That said, and moving on to another dismaying development in the Thai nightlife blogosphere, it appears that Werewolf has shifted his attention toward Thai politics, one of the most dangerous topics for a writer of Thai-related nonsense and especially dangerous on a URL once called “Bargirlsrpeople2”. The vast reading public with even a remote interest in Thailand knows that Thai politics is anything but mundane or boring. Werewolf stumbles head first into the topic, too, with a rather adolescent view that he would vote for Yingluck Shinawatra simply because she is a somewhat attractive Chinese Thai woman. His questionable taste in appearances aside, the path he has chosen is fraught with danger, especially for foreigners living in the kingdom.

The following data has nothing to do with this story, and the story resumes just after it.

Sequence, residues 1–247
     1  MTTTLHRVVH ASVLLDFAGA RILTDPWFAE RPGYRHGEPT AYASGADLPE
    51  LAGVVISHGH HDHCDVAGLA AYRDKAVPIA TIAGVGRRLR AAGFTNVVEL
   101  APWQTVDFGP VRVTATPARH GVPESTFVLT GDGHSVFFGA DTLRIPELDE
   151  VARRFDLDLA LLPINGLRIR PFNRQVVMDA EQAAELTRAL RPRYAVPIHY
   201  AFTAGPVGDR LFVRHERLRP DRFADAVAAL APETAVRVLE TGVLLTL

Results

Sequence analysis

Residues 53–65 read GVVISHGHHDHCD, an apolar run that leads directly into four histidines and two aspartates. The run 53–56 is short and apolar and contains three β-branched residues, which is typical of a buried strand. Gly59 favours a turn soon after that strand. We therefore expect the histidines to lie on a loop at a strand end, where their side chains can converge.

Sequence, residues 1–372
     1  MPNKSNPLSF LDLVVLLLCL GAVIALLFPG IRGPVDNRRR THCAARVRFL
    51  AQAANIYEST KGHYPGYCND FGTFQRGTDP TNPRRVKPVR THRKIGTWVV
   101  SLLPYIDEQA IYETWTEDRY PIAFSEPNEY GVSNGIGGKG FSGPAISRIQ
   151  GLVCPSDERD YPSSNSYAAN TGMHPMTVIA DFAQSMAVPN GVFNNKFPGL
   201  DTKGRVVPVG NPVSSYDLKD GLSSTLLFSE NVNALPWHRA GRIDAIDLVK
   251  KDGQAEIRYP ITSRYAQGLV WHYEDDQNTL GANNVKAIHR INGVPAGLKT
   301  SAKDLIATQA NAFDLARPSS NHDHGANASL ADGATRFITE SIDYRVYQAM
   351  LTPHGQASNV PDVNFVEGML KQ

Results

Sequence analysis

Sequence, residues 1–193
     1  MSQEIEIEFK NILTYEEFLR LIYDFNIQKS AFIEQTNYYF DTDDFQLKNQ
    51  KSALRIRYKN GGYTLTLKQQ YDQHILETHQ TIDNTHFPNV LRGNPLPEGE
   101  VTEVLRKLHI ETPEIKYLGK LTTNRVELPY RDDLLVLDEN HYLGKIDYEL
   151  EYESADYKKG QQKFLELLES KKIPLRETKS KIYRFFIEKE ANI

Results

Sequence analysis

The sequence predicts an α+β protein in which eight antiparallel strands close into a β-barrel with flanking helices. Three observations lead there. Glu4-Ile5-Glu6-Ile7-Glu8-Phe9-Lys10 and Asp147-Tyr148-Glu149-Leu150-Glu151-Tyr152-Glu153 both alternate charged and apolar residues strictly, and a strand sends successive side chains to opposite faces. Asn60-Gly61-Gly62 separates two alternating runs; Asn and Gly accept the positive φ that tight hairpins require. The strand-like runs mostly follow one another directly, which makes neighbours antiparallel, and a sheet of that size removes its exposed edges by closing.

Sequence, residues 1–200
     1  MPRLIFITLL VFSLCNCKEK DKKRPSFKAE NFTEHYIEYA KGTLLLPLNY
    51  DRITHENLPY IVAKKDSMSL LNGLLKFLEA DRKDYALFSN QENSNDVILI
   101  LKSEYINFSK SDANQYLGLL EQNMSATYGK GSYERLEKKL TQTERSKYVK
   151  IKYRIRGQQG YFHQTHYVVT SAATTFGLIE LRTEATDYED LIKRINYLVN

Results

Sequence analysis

Stickman, for example, has always to his credit avoided Thai politics like the plague, and this is a sure testament to his longevity as a Bangkok nightlife writer. In fact, as time goes on and as Stickman considers other options in his life at this juncture, Saphan Loy has to give him an enormous amount of credit for what he has done in writing over the years, as we have been reading his work for the better part of 10 years, and we still tune in every Sunday, almost religiously. He has also successfully weathered all sorts of personal hells and obstacles, and despite Saphan Loy’s occasional teasing as well, he has mostly shrugged off genial criticism as well as the more virulent online attacks from the mentally ill.  We believe that one of the cornerstones of his longterm viability has been his avoidance of certain taboo subjects, like religion and politics most notably. Does this mean that a writer has to ignore these subjects?  Not by any means. However, for the most part, readers of the red light blogs could not care less about these subjects. There is a thin sliver of that market that does care, however, and there are those more qualified writers both Thai and farang who question certain realities in Thailand: we know, because they are generally our own readers as well.